A rundown state owned building in downtown Raleigh is highlighting the need for the state to deal with its abandoned and unused property.

It’s an ongoing issue CBS 17 has been following for years and it is without an easy fix. 

The building at 114 W. Morgan sits right next to the secretary of state’s office.

It was built in 1956 and once housed JC’s Luncheonette which went out of business in October 1985.

Records CBS 17 pulled show the state purchased it one month later in November 1985 for $33,000.

“I was frustrated to see this is a state owned building which has been unused, dilapidated, rundown and would be a code violation if anyone in the private sector owned it,” said Sen. Andy Wells (R-Catawba).

The senator was so frustrated he wrote a blog post about it.

The building sits in the heart of our government center – about a block from the state capitol and right next door to the building which houses the secretary of state’s office.

It is one of 12,000 buildings worth more than $26 billion that the state owns.

But no one is keeping track of them.

“There is no evidence we have a process in place that will deal with a 20—30 year real estate decision,” said Wells.

Wells filed a bill last session calling for a review of state owned property in downtown Raleigh.

It ended up in committee.

It’s not the first time efforts like that have failed.

In May 2017, CBS 17 tracked state efforts from 2003 to create a system to track and sell surplus property.

Year after year efforts went nowhere.

Finally in 2017, a bill was passed making it law for the Department of Administration to keep track of those properties.

At the time, CBS 17 was told the DoA hoped to have that database ready by the end of 2017 but try and find it.

“I’m not aware of anything. I’ve been unable to find a data base of real estate,” said Wells.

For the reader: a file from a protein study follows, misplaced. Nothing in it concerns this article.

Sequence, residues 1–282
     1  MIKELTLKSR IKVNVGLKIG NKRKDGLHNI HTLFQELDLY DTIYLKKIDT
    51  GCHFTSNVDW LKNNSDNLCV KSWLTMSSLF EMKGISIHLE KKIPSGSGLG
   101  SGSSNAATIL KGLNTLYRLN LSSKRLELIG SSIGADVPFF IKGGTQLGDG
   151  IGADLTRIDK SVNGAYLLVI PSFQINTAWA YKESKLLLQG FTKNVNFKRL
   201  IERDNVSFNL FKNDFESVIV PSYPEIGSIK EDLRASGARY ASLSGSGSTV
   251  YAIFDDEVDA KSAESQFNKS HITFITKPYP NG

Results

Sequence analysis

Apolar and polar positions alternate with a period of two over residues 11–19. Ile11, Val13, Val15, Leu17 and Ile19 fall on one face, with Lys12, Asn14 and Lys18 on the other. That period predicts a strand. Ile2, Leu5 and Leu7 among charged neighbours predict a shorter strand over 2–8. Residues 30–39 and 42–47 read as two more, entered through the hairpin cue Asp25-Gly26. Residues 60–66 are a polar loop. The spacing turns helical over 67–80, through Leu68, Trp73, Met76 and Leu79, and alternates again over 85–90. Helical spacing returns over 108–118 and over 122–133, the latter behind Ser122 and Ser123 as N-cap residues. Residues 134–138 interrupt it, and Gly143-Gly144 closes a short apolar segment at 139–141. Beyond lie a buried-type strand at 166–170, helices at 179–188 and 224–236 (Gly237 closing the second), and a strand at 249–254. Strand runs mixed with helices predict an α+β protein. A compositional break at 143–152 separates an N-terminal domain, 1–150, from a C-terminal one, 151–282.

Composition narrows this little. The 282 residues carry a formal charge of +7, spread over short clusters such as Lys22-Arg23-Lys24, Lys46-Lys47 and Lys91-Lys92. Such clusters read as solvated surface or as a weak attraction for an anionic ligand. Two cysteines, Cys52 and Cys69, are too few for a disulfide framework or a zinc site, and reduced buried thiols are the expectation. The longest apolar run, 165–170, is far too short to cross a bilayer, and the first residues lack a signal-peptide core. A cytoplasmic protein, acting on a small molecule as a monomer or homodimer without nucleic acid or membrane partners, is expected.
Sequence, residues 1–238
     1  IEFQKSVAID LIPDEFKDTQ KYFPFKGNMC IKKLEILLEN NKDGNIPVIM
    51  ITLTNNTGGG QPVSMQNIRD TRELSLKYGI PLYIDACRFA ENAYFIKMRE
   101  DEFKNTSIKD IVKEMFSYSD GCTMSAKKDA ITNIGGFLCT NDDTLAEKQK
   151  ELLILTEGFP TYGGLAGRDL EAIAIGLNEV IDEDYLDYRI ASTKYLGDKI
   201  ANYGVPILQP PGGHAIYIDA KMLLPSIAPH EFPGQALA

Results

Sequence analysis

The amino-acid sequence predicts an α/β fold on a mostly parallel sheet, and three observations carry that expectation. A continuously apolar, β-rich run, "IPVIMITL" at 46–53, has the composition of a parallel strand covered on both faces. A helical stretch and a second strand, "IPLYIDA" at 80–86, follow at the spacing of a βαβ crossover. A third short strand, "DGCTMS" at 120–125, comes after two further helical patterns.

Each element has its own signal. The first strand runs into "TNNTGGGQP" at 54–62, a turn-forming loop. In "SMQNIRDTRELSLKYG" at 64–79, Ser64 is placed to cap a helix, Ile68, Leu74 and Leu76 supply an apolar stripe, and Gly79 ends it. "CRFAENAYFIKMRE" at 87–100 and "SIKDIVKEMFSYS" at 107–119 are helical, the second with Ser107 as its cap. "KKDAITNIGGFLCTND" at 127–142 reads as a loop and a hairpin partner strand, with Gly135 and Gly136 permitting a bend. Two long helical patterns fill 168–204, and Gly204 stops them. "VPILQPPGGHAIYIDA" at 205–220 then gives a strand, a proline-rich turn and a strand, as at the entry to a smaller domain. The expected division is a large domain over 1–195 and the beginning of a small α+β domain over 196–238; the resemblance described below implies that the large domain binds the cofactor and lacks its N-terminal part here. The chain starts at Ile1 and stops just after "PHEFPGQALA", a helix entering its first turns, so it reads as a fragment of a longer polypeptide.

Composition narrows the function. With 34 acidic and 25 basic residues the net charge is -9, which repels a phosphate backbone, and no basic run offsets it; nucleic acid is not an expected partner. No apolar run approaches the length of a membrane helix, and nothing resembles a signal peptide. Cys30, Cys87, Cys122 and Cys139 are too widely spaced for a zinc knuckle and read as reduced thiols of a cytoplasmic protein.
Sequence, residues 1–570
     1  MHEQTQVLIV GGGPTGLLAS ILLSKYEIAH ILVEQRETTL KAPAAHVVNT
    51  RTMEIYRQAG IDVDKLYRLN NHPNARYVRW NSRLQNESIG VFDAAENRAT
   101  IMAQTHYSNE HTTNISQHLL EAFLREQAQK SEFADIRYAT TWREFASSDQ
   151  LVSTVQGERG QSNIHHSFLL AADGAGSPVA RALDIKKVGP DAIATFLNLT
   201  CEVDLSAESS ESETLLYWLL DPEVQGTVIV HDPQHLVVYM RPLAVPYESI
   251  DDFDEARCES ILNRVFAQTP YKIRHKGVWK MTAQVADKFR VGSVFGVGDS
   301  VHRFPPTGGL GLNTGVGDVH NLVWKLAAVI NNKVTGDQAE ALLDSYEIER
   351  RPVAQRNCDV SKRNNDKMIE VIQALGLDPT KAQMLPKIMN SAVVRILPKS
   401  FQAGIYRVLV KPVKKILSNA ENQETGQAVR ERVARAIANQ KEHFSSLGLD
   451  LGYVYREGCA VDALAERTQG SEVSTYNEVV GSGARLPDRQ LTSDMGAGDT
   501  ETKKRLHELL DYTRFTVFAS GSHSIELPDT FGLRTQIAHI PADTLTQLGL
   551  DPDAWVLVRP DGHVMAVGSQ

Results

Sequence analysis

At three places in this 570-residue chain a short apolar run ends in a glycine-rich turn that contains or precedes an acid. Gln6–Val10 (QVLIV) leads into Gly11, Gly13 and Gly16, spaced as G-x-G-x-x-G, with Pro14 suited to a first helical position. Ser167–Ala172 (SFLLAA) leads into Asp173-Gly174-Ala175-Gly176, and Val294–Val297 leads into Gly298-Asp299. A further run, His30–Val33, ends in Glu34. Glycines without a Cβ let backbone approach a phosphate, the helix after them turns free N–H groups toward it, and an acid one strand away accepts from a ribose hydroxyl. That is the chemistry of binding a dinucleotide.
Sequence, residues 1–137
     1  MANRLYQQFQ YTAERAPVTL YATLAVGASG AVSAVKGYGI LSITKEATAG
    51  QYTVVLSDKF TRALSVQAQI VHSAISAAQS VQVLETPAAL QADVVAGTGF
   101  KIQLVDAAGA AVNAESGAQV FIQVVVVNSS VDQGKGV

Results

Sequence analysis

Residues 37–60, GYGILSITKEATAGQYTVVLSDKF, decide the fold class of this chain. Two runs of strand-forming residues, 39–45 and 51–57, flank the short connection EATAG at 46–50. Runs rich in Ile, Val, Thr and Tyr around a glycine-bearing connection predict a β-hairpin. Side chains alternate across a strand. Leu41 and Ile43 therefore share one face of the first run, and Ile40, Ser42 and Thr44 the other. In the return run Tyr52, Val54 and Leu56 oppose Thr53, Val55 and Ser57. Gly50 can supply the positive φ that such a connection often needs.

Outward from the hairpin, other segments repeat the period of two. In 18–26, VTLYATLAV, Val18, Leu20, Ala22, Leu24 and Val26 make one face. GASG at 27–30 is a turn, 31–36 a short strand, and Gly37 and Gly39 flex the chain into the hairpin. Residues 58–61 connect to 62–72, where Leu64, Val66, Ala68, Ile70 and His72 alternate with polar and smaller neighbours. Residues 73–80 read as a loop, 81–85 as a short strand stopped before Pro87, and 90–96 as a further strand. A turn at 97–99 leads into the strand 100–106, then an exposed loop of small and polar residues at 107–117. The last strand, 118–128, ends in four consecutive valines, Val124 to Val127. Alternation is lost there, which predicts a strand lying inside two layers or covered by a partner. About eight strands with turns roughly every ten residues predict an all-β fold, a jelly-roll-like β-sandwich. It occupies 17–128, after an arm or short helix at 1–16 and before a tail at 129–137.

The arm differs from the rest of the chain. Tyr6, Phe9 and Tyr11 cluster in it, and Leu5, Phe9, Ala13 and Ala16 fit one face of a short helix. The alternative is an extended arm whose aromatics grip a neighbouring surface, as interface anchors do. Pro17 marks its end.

The Department Of Administration tells CBS 17 the database has not been created yet.

Spokeswoman Nan Sanseverino says the agency is “continuing to work toward establishing a comprehensive database of existing state properties, including surplus property,” and hopes lawmakers provide “adequate resources for this project to be completed.”

She says the agency also wants “funding to conduct a long-range master plan of state buildings and properties in the capital area” and says “The Department of Administration is taking a fresh look at state properties in Raleigh, Wake County, and statewide.”

She says DOA intends to use “a comprehensive, coordinated approach to evaluating and managing these state resources – one that considers the property’s current status, purpose or potential, community implications, history/orientation and associated costs.”

With billions of dollars’ worth of abandoned or underused state property out there, Wells says we must do better watching taxpayers money.

“We need some kind of commission or board or some kind of long term organization in place to oversee a vast amount of resources that are grossly underutilized,” he said.

As for the building at 114 W. Morgan St, Wells says it’s probably going to stays like it is for a while longer until the legislature makes it a priority to deal with the situation.

And he also thinks the state ought to move more of its government offices out of the downtown and rent space in private buildings in more convenient locations – letting landlords pick up the costs of maintenance  and other expenses.